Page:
Photo: Hop The Beer Experience/Facebook

Your Guide to the Best Craft Breweries in Mexico City

Mexico City Restaurants + Bars Food + Drink
by Di Minardi Dec 28, 2018

When you think about Mexico, you probably think about tequila. But you should really be thinking about beer. Mexico exports more beer than any country in the world, and it sends out more than twice as much as the second largest beer exporter, the Netherlands. Most of Mexico’s beer is from the large conglomerates you know like Corona and Tecate, but the capital, Mexico City, has a rising craft beer scene that’s worth paying attention to.

If the idea of taking nothing but tequila shots sounds like a great way to forget you even went to Mexico City, relax with a cerveza instead with this ultimate guide to every brewery in Mexico City.

1. Cerveza Cosaco

Cosaco beer

Photo: Cosaco/Facebook

Cerveza Cosaco is regarded as the father of craft beer in Mexico. Founded by Gustavo González in 2000, Cerveza Cosaco brews ales without any added preservatives, dyes, or artificial flavors. You can’t visit the brewery, but the beer is widely available in locations across Mexico City. Try the Cosaco red, black, or light ales, or sample the Ponderosa line of bottled beers with barley wine, an IPA, saisons, and more.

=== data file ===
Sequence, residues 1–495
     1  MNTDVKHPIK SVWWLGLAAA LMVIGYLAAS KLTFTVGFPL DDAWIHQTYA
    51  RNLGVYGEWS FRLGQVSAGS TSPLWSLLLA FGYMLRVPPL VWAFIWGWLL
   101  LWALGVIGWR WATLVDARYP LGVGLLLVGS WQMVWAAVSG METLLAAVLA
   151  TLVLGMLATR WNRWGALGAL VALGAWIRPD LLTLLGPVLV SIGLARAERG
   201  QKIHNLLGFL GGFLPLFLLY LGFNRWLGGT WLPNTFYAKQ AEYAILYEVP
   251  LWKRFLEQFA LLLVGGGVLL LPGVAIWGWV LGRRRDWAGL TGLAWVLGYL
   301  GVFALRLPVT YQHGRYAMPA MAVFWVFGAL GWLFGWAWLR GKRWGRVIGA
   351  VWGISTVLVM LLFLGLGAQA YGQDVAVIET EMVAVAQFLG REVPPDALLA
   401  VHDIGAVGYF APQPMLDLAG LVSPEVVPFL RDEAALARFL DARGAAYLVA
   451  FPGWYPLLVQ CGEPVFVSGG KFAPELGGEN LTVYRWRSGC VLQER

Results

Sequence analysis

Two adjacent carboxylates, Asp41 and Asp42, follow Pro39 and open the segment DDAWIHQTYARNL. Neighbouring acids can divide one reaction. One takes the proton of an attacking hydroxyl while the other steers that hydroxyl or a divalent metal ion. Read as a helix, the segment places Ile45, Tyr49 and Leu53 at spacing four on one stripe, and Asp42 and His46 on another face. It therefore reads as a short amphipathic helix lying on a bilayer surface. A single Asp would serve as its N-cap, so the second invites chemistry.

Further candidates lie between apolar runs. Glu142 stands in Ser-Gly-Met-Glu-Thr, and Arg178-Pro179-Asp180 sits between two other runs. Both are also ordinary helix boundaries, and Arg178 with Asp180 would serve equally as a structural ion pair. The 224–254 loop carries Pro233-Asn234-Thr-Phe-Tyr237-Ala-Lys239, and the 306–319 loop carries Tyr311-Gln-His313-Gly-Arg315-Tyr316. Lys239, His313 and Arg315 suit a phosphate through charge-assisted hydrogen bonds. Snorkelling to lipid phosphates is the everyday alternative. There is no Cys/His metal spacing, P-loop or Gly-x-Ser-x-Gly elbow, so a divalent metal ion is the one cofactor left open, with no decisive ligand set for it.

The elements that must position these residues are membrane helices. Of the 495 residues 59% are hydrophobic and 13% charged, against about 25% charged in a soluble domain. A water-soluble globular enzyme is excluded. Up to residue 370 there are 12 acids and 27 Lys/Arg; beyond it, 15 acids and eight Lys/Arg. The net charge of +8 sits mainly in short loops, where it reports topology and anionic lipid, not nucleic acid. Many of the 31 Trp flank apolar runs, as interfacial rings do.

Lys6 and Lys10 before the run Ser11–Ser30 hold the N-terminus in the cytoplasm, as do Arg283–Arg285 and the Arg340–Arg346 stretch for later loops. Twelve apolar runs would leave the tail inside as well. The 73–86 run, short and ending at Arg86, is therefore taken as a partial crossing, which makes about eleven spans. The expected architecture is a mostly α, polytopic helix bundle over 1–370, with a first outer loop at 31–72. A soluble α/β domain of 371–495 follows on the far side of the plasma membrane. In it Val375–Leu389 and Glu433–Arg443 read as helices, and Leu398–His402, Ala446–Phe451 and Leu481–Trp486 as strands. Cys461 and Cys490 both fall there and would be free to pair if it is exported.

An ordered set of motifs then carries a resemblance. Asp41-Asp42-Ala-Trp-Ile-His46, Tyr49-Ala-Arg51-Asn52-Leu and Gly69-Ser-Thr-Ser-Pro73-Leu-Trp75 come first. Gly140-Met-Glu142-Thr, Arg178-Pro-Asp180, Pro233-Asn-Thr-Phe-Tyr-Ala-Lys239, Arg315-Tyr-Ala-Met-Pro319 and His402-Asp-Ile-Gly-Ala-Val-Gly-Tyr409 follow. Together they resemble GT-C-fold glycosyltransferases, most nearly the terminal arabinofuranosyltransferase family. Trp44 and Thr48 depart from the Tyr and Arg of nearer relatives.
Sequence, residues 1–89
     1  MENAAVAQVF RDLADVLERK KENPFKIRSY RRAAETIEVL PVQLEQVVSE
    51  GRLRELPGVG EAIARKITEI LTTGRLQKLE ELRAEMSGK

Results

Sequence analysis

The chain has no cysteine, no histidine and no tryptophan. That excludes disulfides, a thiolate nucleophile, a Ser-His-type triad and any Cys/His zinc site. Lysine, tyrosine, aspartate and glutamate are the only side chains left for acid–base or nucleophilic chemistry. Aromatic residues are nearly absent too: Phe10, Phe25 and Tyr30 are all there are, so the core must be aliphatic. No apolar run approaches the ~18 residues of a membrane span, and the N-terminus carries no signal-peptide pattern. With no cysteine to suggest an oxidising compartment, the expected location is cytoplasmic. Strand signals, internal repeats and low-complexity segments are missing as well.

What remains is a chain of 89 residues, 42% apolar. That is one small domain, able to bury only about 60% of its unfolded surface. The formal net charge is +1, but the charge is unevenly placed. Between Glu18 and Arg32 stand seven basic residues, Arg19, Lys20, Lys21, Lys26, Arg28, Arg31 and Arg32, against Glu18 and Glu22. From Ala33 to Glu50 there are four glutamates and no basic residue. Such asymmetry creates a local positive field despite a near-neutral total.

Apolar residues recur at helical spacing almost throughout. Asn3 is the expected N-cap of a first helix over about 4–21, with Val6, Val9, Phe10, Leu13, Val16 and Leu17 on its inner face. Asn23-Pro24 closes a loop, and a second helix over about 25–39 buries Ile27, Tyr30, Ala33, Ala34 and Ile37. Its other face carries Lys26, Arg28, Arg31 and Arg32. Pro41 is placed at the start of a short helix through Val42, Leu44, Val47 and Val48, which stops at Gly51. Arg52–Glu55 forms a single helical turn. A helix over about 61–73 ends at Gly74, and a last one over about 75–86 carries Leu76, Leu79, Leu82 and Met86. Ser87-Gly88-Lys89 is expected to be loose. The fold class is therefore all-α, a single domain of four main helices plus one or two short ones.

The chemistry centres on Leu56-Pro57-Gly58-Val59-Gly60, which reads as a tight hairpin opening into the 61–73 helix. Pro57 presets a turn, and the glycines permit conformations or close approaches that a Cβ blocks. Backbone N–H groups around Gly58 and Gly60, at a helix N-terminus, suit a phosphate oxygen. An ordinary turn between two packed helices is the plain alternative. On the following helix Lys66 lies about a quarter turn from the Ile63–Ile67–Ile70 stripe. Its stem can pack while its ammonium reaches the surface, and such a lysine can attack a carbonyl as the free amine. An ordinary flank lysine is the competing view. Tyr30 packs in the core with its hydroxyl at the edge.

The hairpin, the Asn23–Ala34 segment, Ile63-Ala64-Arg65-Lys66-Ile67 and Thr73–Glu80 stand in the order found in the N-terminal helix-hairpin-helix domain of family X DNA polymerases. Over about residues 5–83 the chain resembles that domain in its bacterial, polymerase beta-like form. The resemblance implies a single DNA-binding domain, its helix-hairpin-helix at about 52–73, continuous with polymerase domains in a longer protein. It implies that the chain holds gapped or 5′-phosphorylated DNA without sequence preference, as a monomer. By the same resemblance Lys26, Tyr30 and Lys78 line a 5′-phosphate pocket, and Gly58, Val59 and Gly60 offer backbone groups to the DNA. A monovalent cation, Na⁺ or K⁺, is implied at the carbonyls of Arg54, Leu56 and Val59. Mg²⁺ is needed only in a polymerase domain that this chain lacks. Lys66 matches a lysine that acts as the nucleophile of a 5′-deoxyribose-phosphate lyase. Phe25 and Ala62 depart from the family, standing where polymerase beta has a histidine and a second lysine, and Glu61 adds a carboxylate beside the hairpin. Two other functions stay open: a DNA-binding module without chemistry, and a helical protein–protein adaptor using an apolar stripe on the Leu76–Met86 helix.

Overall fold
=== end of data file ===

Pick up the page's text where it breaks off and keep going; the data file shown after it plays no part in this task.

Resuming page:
2. The Tasting Room

Glasses of beer from the Tasting Room in Mexico

Photo: Tasting Room MX/Facebook

The Tasting Room is a bar with an ever-changing tap list of over 20 Mexican craft beers and international imports, but it also brews its own house beer under the name Casa Cervecera Morena. There’s no need to choose between the IPA, pale ale, farmhouse ale, or oatmeal stout because the option to order flights means you can sample all four house beers at once. The bar is a popular spot in the vibrant Roma neighborhood, and the quiet music and multilingual buzz of conversation always set a pleasant soundtrack for the night.

Where: Calle de Chiapas 173, Roma Nte., 06700 Cuauthémoc, CDMX, Mexico.

3. Escollo

Escollo is a small craft brewery from humble beginnings. It started in a basement with the capacity to make only half a barrel per batch and grew from there. Smudged menus display an eclectic mix of bottles and drafts in this dive bar, but the house-brewed beer reigns supreme. Try the Escollo porter or blonde ale on tap when you visit. Starting at only 60 Mexican pesos (around $3) for a pint, Escollo is the most budget-friendly craft brewery on this list.

Where: Calle Querétaro 182, Roma Norte, 06700 Cuauhtemoc, CDMX, Mexico

4. Taller de Cerveza la Graciela

Taller de Cerveza la Graciela is the first microbrewery restaurant in Mexico City, and stands out for its pub food as well as the beer. If you get there early enough, you may even be able to grab one of the coveted outdoor picnic tables before it fills up for the night. While you eat, take a peek at the brewing system behind a glass window and try the rotating taps of seasonal beers like the Mint Stout in the winter or the Poison Apple in the fall. Keep an eye on the brewery’s Facebook page as well to catch regular tap takeovers with other Mexico City microbreweries.

Where: Orizaba 163, Roma Nte., 06700 Ciudad de México, CDMX, Mexico

5. Cerveza Cru Cru

Cru Cru pale ale beer

Photo: Crucrumx/Facebook